If you’re preparing a holiday feast for this Thursday, maybe you’ve already began some preparatory work beyond starting to defrost the turkey. If you want to keep your guests more safe from foodborne illnesses, here are some useful tips from the U.S. Department of Agriculture on everything from cleaning the exterior of your turkey to keeping your dinner safe from wild animals. If you don’t want to keep your guests safe, they can’t help you. [More]
Three years ago, Cargill recalled 36 million pounds of Salmonella-tainted ground turkey (followed by a later recall of another 185,000 pounds of the stuff). The particular strain of Salmonella involved in these recalls and the subsequent outbreak that sickened at least 134 people in 36 states, is resistant to antibiotics, likely because of all the drugs put into the turkeys’ feed solely because it has th side-effect of encouraging tissue growth. Yet only now is the agribusiness giant thinking maybe it shouldn’t carelessly shove antibiotics down the throats of the birds it sells to consumers. [More]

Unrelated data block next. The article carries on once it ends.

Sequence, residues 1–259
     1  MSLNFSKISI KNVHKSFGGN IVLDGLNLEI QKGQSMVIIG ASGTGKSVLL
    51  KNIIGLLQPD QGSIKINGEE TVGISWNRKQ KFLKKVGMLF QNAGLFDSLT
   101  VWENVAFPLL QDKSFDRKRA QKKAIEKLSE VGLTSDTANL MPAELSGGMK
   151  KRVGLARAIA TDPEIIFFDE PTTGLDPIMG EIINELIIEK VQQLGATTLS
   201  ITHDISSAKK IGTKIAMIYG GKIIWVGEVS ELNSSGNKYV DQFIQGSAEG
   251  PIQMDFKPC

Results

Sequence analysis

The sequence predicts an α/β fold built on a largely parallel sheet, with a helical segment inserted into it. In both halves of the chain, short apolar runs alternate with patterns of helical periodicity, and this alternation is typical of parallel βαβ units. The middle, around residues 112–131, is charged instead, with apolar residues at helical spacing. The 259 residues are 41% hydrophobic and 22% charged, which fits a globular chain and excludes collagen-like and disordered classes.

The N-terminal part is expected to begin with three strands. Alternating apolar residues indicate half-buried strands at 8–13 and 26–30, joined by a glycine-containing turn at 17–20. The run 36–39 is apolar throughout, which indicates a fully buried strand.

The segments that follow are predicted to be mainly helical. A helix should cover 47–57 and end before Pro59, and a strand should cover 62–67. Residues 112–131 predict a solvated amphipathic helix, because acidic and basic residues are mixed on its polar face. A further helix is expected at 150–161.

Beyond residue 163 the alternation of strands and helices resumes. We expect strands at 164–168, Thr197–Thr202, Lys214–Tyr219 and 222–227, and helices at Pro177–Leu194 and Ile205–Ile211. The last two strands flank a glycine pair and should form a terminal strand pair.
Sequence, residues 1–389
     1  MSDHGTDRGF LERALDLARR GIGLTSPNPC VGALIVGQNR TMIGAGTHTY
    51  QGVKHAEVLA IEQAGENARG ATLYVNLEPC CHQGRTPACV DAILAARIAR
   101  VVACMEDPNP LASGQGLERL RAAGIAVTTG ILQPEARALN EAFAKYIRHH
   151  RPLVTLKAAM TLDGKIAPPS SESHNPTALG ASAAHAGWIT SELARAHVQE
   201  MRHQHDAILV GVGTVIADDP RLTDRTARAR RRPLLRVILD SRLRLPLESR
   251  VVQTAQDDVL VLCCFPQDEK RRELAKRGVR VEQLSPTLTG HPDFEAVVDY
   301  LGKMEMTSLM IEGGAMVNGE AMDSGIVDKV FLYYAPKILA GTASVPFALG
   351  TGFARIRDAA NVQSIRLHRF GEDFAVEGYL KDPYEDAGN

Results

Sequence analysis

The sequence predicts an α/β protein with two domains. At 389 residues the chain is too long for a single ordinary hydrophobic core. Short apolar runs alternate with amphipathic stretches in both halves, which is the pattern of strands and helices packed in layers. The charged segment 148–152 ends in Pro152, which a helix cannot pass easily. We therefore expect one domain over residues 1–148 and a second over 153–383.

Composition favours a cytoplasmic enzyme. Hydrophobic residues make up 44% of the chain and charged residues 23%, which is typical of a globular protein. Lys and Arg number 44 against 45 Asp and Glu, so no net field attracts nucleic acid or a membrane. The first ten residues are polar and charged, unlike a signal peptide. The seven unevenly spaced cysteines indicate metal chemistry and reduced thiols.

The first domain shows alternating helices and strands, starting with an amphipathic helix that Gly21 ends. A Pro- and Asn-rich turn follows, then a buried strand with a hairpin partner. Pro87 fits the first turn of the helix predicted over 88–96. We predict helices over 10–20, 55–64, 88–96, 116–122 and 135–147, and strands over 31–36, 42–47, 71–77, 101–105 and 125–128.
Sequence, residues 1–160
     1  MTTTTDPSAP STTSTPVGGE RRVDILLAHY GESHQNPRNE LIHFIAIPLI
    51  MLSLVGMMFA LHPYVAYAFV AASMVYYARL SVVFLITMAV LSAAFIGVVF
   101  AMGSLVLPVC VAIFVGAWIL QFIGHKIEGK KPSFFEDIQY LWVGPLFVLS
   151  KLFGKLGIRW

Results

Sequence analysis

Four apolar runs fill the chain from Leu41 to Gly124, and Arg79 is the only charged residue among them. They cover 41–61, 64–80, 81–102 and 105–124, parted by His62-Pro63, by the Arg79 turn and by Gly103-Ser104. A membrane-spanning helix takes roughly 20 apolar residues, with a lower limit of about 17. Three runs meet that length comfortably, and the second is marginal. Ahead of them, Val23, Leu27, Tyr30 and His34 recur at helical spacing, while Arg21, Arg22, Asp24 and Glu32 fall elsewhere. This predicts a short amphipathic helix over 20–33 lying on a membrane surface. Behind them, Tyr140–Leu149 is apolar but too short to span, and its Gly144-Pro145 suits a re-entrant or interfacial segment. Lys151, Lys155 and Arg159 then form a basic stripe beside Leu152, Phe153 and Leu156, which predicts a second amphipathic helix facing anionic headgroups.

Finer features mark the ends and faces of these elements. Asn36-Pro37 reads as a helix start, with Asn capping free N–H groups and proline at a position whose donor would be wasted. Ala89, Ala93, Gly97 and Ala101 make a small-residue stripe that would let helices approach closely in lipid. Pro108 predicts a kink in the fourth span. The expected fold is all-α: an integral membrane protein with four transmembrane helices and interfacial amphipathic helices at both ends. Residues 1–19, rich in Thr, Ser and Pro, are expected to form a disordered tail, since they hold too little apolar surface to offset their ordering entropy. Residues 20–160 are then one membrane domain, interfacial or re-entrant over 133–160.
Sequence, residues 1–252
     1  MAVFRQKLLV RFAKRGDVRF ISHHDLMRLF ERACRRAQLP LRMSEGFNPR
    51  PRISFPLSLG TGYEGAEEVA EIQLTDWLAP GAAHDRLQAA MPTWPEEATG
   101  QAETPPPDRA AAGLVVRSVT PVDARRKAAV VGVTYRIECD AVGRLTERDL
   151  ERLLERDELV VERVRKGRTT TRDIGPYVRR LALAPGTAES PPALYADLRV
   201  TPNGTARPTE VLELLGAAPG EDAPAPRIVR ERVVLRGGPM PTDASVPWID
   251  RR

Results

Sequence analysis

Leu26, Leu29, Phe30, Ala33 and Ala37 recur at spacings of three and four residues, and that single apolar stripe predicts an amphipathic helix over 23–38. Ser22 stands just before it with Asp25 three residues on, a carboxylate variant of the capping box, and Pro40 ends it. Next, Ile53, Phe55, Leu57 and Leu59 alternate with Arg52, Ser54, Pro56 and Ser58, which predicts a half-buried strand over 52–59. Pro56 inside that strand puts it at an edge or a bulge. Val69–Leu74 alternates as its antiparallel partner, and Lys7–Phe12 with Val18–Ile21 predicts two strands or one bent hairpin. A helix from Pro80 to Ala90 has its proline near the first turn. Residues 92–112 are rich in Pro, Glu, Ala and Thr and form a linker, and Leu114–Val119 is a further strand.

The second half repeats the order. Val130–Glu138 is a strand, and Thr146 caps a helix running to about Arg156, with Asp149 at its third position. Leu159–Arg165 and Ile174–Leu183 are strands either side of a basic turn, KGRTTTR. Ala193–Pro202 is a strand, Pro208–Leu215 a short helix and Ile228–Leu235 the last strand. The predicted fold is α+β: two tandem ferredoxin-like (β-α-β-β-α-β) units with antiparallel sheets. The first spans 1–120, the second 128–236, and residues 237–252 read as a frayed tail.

When you’re a big-name turkey titan like Butterball and use phrases like “plump and juicy” on your packaging, it’s problematic when your birds don’t grow to the heft you expect in time for Thanksgiving. That’s why the folks at Butterball are looking into this year’s flock of skinnier than usual turkeys. [More]
Turkeys are complex beasts that beleaguer you with infinite ways in which you can screw up cooking their corpses. The myriad ways to clean, cook and carve a bird can stressify your Thanksgiving, but before you get into all that, you can start by thawing your tryptophan delight.
Salmonella-tainted turkey has killed one person and sickened dozens of others, leading Arkansas-based Cargill Meat Solutions Corporation to recall 36 million pounds of possibly dangerous ground turkey.
There is some tainted turkey making the rounds, as more than 75 people in at least 26 states have gotten salmonella poisoning from chowing down on the ground-up gobbler. And according to the Centers for Disease Control, which has yet to ID the source of the foul fowl, at least one person has died.